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JEA names Sorrows Yearbook Adviser of the Year

Margaret Sorrows, CJE, journalism adviser at Bryant (Arkansas) High School was named the 2014 H. L. Hall National Yearbook Adviser of the Year today by the Journalism Education Association.

Margaret Sorrows, CJE, 2014 H. L. Hall National Yearbook Adviser of the Year.

Margaret Sorrows, CJE, 2014 H. L. Hall National Yearbook Adviser of the Year.

The surprise announcement and award presentation to Sorrows was made in front of the Bryant teaching staff by 2013 recipient Brenda Gorsuch, MJE, of West Henderson High School, Hendersonville, North Carolina.

JEA, the largest national association of scholastic journalism teachers and student media advisers, has presented the award for 20 years, and Sorrows is the 22nd recipient.

Sorrows will be officially recognized April 18 at the JEA/NSPA Spring National High School Journalism Convention in Denver. JEA also will honor five others as Distinguished and Special Recognition yearbook advisers.

Distinguished: Renee Burke, MJE, William R. Boone High School, Orlando, Florida, and Kristi Rathbun, CJE, Rock Canyon High School, Highland Park, Colorado. Special Recognition: Pamela Bunka, Fenton (Michigan) High School; Justin Daigle, CJE, Brighton (Colorado) High School; and Amy Morgan, MJE, Shawnee Mission West High School, Overland Park, Kansas.

A $1,000 award for the winner’s school, and $500 awards for Distinguished Advisers’ schools may be used to buy equipment for the yearbook classroom or to fund student scholarships to summer workshops. The Yearbook Adviser of the Year also will receive a personal $500 prize.

Sorrows was chosen by a panel of five veteran scholastic journalism leaders. Balfour, Herff Jones, Jostens and Walsworth yearbook companies sponsor the awards.

During her 36 years of teaching, Sorrows has advised 30 yearbook staffs and 36 newspaper staffs. In her 24 years at Bryant, she has helped the school’s journalism program grow from virtually nonexistent to having three teachers.

“Ms. Sorrows’ work ethic is second to none,” Bryant Principal Jay Pickering wrote. “She is consistently working after hours to assure her students meet deadlines. It is my opinion that there is a direct relationship between her leadership and the department’s success.”

The Hornet yearbook staffs have consistently earned the nation’s highest yearbook honors — Crown awards from the Columbia Scholastic Press Association and Pacemaker awards from the National Scholastic Press Association. In addition, Bryant journalism students have won more than 2,000 individual state and national awards during her advising tenure.

“Margaret advises, teaches, trains and encourages her students to produce some of the best student media in the country — but she doesn’t do any part of it for them. Hornet is a book students and advisers alike beg to get their hands on (if they are strong enough to lift it!). Students make all of the decisions and do all of the work,” wrote JEA Vice President Sarah Nichols, MJE, of Whitney High School, Rocklin, California.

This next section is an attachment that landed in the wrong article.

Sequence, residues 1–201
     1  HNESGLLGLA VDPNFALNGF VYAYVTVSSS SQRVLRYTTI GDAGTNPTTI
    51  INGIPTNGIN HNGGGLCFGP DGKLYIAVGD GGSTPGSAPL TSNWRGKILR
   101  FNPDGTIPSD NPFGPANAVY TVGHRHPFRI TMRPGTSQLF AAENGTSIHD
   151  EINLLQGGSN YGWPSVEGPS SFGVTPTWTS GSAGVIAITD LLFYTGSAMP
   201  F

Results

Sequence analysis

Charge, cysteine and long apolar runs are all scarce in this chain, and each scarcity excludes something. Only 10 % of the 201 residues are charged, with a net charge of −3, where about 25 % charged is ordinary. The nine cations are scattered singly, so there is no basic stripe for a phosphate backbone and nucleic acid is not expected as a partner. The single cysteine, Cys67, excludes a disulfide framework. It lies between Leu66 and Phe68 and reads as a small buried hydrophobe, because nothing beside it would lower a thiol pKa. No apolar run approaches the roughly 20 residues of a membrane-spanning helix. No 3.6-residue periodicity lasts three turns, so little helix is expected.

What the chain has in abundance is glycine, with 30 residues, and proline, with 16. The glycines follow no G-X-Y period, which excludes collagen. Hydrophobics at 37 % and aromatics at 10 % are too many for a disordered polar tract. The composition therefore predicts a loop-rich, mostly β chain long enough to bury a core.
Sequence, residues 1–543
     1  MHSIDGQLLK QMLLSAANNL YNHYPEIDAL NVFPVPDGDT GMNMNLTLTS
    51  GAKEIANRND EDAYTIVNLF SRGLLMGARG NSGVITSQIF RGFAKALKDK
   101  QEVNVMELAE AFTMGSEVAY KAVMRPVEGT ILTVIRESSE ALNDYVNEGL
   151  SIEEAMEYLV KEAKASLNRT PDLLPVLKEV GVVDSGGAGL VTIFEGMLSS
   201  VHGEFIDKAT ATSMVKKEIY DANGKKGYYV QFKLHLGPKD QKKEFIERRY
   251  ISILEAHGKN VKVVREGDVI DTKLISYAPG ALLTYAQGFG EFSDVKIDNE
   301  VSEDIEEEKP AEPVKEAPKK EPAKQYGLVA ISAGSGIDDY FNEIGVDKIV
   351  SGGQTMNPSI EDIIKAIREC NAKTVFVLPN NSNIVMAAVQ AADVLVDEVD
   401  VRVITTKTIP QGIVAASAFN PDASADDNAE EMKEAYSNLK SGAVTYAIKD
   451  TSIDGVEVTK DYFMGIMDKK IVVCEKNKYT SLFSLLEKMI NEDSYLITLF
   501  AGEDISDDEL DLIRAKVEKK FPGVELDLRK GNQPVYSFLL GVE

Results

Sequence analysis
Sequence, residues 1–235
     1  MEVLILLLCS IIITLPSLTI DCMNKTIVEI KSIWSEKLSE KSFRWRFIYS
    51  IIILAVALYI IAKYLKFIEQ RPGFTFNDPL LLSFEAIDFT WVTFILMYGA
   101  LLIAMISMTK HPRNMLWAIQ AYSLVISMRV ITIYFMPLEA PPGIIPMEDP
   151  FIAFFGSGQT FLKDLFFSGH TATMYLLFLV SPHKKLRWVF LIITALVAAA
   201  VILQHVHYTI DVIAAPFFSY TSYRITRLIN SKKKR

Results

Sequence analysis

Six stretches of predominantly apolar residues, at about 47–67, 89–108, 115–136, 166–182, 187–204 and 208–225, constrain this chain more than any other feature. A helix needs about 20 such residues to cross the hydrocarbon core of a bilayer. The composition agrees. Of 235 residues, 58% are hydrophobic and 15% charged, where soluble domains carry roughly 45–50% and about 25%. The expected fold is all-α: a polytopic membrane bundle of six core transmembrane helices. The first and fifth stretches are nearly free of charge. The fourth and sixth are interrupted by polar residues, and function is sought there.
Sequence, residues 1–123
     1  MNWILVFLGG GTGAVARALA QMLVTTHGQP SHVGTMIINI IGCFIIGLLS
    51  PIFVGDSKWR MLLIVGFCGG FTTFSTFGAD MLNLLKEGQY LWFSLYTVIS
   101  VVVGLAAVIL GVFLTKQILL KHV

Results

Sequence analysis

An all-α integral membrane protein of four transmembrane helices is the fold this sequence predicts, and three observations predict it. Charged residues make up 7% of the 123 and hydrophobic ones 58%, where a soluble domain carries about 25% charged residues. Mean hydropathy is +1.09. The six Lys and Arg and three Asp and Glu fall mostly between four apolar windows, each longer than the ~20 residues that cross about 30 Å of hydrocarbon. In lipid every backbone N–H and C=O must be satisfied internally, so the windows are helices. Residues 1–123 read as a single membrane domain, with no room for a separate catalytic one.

Sorrows is also a frequent convention presenter and summer workshop instructor. Both she and her students are most noted for their excellence in photography.

Arkansas native and noted scholastic journalism leader C. Bruce Watterson wrote, “Best of all, Sorrows does not suffer from a lack of energy, charm and graciousness, which is undeniably home grown. In workshop settings, late at night, I’ve watched her encircled by students in crowded dorm lobbies. Regardless of the lateness of the hour, regardless of how fatigued she probably felt, she seemed to come alive, filled with enthusiasm for her ring of prospective professional journalists. Passers-by felt the synergy. What an inspiring sight and yet another intrinsic hallmark of her character.”

Named a Distinguished Yearbook Adviser by JEA in 2007, Sorrows is also a former Arkansas Adviser of the Year (1984) and runner-up as the state’s teacher of the year (1999).

“Even to this time in Margaret’s career, when awards for both the publications and for her personally abound, she maintains that sense of humility rooted in doing the right things for the right reasons,” wrote John Cutsinger, CJE, a former Arkansas adviser who now is a creative accounts manager for Jostens. “Whether leading a conference presentation or sitting in one (yes, she is a life-learner who constantly sees her professional growth as an important part of her journey), Margaret is secure in knowing how to live the yearbook good life.”

Sorrows, who holds a master’s degree in journalism from the University of Arkansas-Little Rock, is a JEA Certified Journalism Educator. She is a past president of the Arkansas Scholastic Press Association, and has served on judging boards for state and national organizations.

“By teaching at workshops across the country and serving as a board member of the Arkansas Journalism Advisers Association, her influence doesn’t end. She has reached many more students than the thousands who have been in her program over the years,” wrote Allen Loibner-Waitkus, Arkansas Scholastic Press Association director.

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